Plantain is considered a weed by many, but it has amazing healing potential for cuts and scrapes and also has the ability to draw the venom right back out after you’ve been stung, which in turn helps to reduce redness and swelling too. Chances are that if you don’t spray for weeds in your lawn, it’s already growing there. If, by chance, you DON’T have plantain growing in your yard, just clear out a bare spot in your lawn, and it will surely be growing there in no time!
There are around 200 varieties of plantain worldwide with about 30 of those varieties growing in the US. Some are considered broadleaf plantain, while other varieties are narrowleaf plantain. The photos included here are broadleaf plantain growing in my lawn. The telltale way to identify plantain is that it has prominent veins that run parallel up and down the length of the leaves.
Ok, so how exactly do you use this plant to help you? You simply pick a leaf off the plant, chew it up and place it on the sting. If you’re too scared to chew it up or think it’s gross, you can also use a meat tenderizer, or I even used my fingernails to “mince” it up the first time because I was too scared to taste it. (Oh how things have changed!) The point is that you want the juice of the plantain to be exposed vs just putting a whole leaf over the sting, which won’t do much. The sooner you can get it on there after you’ve been stung, the better. If you have a band-aid or some other way to hold it on the sting, it will make it easier, especially if you’re using it on your little one that won’t sit still.
The plantain will get right to work drawing out the heat and venom. I had to see this to believe it the first time. We were at a friend’s house when my daughter got stung on her leg. By the time she got into the house to tell me, the spot on her leg was 2-3 inches in diameter, red, and hot to the touch. I had remembered reading about plantain so immediately asked my friend if they spray their lawn for weeds. She said they didn’t, so I headed outside, plucked a leaf of plantain out of their lawn, minced it up with my fingernails and placed it on her leg. We used a band-aid to hold it on. I asked to check on it a half hour later, and low and behold, only a tiny red spot remained, and she said it was not bothering her!!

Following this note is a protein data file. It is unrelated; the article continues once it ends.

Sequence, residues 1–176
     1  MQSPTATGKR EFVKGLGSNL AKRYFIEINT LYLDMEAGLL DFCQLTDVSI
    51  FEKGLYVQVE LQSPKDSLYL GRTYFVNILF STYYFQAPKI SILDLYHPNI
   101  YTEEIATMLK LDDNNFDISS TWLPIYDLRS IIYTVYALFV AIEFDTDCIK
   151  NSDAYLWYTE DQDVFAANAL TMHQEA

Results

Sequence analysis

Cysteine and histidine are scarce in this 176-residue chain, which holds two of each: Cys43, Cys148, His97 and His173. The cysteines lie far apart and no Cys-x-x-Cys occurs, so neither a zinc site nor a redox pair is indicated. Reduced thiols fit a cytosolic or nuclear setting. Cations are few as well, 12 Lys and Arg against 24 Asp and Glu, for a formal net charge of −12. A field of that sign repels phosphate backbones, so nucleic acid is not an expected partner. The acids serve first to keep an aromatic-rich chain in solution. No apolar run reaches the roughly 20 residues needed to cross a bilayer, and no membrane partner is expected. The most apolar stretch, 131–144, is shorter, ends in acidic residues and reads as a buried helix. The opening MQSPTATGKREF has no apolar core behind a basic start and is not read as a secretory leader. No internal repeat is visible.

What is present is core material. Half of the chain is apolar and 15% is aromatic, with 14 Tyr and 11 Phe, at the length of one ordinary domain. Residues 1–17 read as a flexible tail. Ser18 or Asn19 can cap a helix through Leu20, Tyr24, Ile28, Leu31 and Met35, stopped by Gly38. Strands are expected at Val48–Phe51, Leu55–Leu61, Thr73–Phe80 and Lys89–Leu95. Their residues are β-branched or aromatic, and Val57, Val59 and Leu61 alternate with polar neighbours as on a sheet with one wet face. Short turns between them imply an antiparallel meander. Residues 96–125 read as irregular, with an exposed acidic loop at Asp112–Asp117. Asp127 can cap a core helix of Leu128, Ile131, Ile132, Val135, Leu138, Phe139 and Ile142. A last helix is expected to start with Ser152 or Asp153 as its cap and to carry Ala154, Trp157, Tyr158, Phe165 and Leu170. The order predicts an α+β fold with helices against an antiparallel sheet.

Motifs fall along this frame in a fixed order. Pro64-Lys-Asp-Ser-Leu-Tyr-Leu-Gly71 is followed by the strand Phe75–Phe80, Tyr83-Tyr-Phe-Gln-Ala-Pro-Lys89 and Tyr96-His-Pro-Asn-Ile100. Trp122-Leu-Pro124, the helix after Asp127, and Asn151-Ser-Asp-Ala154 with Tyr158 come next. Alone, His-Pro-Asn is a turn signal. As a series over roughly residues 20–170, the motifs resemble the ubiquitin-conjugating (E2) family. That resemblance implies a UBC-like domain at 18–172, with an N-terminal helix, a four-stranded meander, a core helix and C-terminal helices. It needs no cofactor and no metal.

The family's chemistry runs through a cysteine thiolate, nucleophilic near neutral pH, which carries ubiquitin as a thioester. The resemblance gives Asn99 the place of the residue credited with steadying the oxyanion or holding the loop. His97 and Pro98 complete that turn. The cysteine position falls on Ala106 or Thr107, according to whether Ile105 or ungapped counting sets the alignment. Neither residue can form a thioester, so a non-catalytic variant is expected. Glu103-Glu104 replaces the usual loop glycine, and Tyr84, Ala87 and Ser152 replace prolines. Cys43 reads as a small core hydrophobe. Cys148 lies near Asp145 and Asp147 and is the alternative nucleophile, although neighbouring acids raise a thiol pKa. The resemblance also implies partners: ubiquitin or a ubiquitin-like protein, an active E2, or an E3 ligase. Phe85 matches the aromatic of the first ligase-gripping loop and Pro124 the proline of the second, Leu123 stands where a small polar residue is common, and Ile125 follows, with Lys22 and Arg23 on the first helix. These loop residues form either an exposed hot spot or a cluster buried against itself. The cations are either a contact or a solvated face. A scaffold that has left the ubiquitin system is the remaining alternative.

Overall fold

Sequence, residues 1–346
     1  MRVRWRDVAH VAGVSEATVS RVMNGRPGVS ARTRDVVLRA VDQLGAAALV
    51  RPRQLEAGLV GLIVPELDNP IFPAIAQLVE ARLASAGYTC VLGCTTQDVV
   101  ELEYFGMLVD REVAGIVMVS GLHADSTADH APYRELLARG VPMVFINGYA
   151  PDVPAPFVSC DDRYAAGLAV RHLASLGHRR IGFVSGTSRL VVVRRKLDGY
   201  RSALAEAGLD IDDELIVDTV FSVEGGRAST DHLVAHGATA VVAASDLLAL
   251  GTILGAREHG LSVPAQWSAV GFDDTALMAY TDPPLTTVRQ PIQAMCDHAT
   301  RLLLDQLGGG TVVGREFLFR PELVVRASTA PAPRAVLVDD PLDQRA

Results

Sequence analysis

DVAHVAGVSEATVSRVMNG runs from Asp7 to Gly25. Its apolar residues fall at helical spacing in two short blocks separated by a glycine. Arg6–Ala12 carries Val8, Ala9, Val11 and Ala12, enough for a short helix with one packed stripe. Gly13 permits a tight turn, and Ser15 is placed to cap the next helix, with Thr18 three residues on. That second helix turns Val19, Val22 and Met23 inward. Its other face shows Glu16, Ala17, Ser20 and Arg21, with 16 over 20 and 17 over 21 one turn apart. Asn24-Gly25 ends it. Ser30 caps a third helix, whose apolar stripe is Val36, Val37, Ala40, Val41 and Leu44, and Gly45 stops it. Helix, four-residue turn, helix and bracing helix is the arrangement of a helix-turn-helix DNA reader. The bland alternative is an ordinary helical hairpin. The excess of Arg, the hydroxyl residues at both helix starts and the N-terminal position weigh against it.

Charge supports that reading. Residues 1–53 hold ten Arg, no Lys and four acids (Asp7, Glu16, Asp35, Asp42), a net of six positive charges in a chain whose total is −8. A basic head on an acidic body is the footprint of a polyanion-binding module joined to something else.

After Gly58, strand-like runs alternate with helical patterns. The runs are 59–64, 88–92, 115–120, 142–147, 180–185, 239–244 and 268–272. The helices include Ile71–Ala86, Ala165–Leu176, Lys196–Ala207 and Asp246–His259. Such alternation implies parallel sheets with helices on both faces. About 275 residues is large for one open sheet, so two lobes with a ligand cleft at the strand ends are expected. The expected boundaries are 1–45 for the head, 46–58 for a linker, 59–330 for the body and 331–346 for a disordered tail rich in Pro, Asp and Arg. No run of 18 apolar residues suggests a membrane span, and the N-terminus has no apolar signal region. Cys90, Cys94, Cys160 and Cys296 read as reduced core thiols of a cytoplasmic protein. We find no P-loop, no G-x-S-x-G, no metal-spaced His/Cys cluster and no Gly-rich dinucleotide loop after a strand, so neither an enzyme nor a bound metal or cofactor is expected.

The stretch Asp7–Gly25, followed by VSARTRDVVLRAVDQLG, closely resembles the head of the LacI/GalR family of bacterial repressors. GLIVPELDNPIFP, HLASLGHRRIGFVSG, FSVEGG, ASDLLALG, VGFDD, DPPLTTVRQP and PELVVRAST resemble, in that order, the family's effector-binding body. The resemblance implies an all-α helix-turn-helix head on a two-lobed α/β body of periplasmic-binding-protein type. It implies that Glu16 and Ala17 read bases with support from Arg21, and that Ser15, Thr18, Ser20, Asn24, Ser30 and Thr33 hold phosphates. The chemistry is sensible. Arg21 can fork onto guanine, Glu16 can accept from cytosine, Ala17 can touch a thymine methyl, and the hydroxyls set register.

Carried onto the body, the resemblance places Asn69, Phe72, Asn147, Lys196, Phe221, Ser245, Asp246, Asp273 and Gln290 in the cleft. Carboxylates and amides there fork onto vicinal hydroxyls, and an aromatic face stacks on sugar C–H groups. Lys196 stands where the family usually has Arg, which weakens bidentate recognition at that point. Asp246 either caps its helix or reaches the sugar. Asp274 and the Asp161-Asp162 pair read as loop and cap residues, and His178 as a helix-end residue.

That was it. I was sold. We have used plantain for many stings since then. My kids even know what to look for now and use it all on their own – even for mosquito bites! I am ALL about cheap or free remedies for health and healing, and this is one where the price and convenience can’t be beat.
Of note, if the redness, heat, and sting isn’t gone within a half hour, you should discard the original leaf and chew up a new one to re-apply. Or if the leaf becomes warm before that time, you can discard and re-apply a new one sooner.
Another option if you don’t have access to fresh plantain is plantain salve. Sometimes the salve is also just plain more convenient for stings in tricky situations – like a sting on the scalp of a toddler who isn’t going to sit still so that you can hold the plantain leaves on the sting for a half hour. And I know I’m an herbal educator, but in full disclosure, homeopathy is great for stings too. We’ve used Ledum before, but sometimes Apis is the more appropriate remedy. Homeopathy can be used in conjunction with the plantain leaf or salve too.
Of course, if you become concerned about an allergic or toxic reaction to the sting and think you may need medical attention, don’t delay!!
Denise Brusveen is a Certified Women's Herbal Educator and Hair Tissue Mineral Analysis Practitioner and holds a Master of Science degree with a research emphasis in reproductive physiology. She is passionate about helping girls and women to become informed about holistic options to overcome health challenges related to their hormones.